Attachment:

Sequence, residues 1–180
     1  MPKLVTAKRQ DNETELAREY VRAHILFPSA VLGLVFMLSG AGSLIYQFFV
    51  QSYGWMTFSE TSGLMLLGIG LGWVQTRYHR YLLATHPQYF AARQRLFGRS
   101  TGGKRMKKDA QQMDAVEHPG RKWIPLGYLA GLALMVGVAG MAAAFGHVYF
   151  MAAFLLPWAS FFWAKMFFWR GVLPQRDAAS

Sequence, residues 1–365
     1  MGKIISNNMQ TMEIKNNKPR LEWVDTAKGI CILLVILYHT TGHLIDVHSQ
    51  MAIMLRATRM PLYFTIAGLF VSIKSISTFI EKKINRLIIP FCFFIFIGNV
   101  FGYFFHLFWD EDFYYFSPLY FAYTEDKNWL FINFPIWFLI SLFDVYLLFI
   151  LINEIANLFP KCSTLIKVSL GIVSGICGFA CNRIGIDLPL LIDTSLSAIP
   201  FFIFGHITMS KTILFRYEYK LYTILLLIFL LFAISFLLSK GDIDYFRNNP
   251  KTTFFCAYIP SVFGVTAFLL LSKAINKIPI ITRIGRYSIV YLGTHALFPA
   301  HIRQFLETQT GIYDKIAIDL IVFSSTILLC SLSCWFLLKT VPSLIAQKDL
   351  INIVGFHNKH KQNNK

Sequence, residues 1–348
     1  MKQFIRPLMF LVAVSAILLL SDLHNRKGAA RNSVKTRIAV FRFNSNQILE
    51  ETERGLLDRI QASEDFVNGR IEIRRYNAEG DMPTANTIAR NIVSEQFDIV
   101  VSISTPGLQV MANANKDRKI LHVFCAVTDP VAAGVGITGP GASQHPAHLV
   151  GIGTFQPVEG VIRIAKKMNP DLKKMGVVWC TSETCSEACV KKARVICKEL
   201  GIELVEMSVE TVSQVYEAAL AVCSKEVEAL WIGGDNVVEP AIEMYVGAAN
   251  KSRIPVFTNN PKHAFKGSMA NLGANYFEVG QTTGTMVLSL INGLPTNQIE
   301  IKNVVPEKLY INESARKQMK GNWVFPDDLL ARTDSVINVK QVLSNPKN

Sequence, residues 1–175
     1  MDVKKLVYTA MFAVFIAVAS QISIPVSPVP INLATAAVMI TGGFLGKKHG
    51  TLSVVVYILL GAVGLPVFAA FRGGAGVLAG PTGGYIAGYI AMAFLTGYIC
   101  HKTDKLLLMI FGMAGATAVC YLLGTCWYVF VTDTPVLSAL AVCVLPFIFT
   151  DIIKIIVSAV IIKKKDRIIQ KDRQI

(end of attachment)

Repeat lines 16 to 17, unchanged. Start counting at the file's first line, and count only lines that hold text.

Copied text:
     1  MKQFIRPLMF LVAVSAILLL SDLHNRKGAA RNSVKTRIAV FRFNSNQILE
    51  ETERGLLDRI QASEDFVNGR IEIRRYNAEG DMPTANTIAR NIVSEQFDIV